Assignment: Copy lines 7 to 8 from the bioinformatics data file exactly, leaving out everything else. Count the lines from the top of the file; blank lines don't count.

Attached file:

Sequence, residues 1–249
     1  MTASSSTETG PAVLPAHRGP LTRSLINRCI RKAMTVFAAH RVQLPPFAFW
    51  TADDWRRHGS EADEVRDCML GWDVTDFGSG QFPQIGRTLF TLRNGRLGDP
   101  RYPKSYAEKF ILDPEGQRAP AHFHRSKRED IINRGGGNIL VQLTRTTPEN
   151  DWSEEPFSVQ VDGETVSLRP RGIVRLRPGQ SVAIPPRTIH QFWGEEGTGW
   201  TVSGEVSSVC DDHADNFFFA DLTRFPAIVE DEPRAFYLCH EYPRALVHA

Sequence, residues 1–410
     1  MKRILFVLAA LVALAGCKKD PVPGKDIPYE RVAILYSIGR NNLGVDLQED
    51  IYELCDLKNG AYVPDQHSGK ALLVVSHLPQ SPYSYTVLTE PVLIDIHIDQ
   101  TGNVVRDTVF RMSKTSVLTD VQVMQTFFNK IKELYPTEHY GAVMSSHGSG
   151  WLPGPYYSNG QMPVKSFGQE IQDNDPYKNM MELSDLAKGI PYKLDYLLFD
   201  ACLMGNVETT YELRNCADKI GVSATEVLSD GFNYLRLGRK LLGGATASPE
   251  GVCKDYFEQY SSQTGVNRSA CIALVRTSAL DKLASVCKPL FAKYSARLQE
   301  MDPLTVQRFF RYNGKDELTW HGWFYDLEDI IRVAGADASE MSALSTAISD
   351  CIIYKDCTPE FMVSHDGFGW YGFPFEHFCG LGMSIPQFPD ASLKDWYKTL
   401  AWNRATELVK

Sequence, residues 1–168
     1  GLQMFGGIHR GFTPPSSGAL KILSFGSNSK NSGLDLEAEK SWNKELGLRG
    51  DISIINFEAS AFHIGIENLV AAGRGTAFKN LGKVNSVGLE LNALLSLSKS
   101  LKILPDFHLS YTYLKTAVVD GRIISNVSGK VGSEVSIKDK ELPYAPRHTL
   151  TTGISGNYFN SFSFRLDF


Sequence, residues 1–410
     1  MKRILFVLAA LVALAGCKKD PVPGKDIPYE RVAILYSIGR NNLGVDLQED